Bradamante, sufficiently instructed, saw that the time had now come to possess herself of the ring; but she could not resolve to slay a defenceless man. She seized Brunello before he was aware, bound him to a tree, and took from him the ring which he wore on one of his fingers. The cries and entreaties of the perfidious Saracen moved her not. She advanced to the foot of the rock whereon the castle stood, and, to draw the magician to the combat, sounded her horn, adding to it cries of defiance.  25
  The enchanter delayed not to present himself, mounted on his winged horse. Bradamante was struck with surprise mixed with joy when she saw that this person, described as so formidable, bore no lance nor club, nor any other deadly weapon. He had only on his arm a buckler, covered with a cloth, and in his hand an open book. As to the winged horse, there was no enchantment about him. He was a natural animal, of a species which exists in the Riphæan mountains. Like a griffin, he had the head of an eagle, claws armed with talons, and wings covered with feathers, the rest of his body being that of a horse. This strange animal is called a Hippogriff.  26
  The heroine attacked the enchanter on his approach, striking on this side and on that, with all the energy of a violent combat, but wounding only the wind; and after this pretended attack had lasted some time dismounted from her horse, as if hoping to do battle more effectually on foot. The enchanter now prepares to employ his sole weapon, by uncovering the magic buckler which never failed to subdue an enemy by depriving him of his senses. Bradamante, confiding in her ring, observed all the motions of her adversary, and, at the unveiling of the shield, cast herself on the ground, pretending that the splendor of the shield had overcome her, but in reality to induce the enchanter to dismount and approach her.  27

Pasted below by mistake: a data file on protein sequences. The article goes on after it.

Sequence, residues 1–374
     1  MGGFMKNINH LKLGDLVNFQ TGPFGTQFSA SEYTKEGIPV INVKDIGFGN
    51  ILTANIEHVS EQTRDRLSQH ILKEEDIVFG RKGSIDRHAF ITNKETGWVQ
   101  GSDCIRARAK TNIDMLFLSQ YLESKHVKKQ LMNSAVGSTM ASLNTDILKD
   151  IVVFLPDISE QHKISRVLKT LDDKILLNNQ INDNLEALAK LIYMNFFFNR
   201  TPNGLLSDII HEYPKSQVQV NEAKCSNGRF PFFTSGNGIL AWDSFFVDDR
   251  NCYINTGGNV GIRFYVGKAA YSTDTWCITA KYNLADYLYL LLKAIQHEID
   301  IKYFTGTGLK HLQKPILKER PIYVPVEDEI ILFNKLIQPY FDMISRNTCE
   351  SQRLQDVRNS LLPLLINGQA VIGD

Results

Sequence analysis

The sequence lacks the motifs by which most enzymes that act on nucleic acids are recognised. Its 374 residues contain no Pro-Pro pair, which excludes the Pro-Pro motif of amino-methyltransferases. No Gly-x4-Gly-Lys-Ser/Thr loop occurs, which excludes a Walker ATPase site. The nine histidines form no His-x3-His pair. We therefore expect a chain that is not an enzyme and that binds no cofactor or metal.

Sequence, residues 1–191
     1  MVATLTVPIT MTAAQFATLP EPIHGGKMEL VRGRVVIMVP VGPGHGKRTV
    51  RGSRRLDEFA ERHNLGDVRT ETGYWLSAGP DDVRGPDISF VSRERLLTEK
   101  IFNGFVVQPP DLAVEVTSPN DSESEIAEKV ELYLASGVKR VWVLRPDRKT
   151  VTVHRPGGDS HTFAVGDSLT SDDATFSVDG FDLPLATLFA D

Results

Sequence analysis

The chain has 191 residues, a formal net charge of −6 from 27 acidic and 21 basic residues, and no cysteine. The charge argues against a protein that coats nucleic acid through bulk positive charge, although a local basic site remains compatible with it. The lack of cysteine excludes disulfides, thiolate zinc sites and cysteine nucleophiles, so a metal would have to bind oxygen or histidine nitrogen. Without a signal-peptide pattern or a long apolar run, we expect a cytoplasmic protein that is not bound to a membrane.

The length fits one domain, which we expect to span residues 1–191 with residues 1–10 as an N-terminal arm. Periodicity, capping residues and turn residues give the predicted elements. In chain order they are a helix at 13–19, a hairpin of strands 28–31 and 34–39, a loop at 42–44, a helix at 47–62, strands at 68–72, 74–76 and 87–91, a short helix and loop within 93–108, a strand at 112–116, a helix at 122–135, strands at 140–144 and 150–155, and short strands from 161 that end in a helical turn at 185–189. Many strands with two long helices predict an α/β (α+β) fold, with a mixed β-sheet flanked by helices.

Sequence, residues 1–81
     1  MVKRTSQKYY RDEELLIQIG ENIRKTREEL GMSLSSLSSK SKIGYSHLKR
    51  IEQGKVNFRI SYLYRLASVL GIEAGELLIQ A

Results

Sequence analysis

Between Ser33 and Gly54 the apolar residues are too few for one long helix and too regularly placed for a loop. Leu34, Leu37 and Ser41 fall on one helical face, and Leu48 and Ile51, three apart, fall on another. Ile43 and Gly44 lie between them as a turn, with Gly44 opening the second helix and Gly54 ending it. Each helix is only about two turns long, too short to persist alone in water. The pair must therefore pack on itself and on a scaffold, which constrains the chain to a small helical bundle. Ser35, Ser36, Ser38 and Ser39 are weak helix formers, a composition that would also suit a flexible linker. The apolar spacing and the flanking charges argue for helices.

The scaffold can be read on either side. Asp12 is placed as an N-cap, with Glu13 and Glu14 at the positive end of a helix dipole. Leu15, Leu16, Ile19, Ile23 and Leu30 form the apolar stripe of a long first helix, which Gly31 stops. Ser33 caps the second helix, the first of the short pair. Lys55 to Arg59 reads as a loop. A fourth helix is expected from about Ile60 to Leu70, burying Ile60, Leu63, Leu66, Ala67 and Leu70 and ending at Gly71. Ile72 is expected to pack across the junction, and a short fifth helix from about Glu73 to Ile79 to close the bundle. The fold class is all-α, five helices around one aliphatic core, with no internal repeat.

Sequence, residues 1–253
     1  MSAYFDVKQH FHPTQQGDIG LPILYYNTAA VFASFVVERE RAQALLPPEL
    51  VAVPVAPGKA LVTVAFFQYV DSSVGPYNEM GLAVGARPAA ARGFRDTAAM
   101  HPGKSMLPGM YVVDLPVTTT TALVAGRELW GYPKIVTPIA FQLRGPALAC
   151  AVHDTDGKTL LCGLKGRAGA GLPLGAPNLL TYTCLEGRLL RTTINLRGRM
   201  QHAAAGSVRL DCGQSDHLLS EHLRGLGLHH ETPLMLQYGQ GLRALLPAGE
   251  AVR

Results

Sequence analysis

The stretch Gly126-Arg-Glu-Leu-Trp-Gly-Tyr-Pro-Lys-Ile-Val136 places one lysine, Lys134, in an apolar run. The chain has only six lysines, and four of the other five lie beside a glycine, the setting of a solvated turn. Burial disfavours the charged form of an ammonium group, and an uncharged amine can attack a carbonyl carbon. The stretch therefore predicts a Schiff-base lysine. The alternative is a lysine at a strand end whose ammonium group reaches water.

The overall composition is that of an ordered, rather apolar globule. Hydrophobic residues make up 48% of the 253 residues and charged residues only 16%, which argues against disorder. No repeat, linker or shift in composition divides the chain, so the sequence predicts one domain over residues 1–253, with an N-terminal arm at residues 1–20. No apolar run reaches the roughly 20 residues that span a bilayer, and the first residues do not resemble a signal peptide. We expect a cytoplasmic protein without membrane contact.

It happened according to her wish. When the enchanter saw her prostrate he made his horse alight on the ground, and, dismounting, fixed the shield on the pommel of his saddle, and approached in order to secure the fallen warrior. Bradamante, who watched him intently, as soon as she saw him near at hand, sprang up, seized him vigorously, threw him down, and, with the same chain which the enchanter had prepared for herself, bound him fast, without his being able to make any effectual resistance.  28
  The enchanter, with the accents of despair, exclaimed, “Take my life, young man!” but Bradamante was far from complying with such a wish. Desirous of knowing the name of the enchanter, and for what purpose he had formed with so much art this impregnable fortress, she commanded him to inform her.  29
  “Alas!” replied the magician, while tears flowed down his cheeks, “it is not to conceal booty, nor for any culpable design that I have built this castle; it was only to guard the life of a young knight, the object of my tenderest affection, my art having taught me that he is destined to become a Christian, and to perish, shortly after, by the blackest of treasons.  30
  “This youth, named Rogero, is the most beautiful and most accomplished of knights. It is I, the unhappy Atlantes, who have reared him from his childhood. The call of honor and the desire of glory led him from me to follow Agramant, his prince, in his invasion of France, and I, more devoted to Rogero than the tenderest of parents, have sought the means of bringing him back to this abode, in the hope of saving him from the cruel fate that menaces him.  31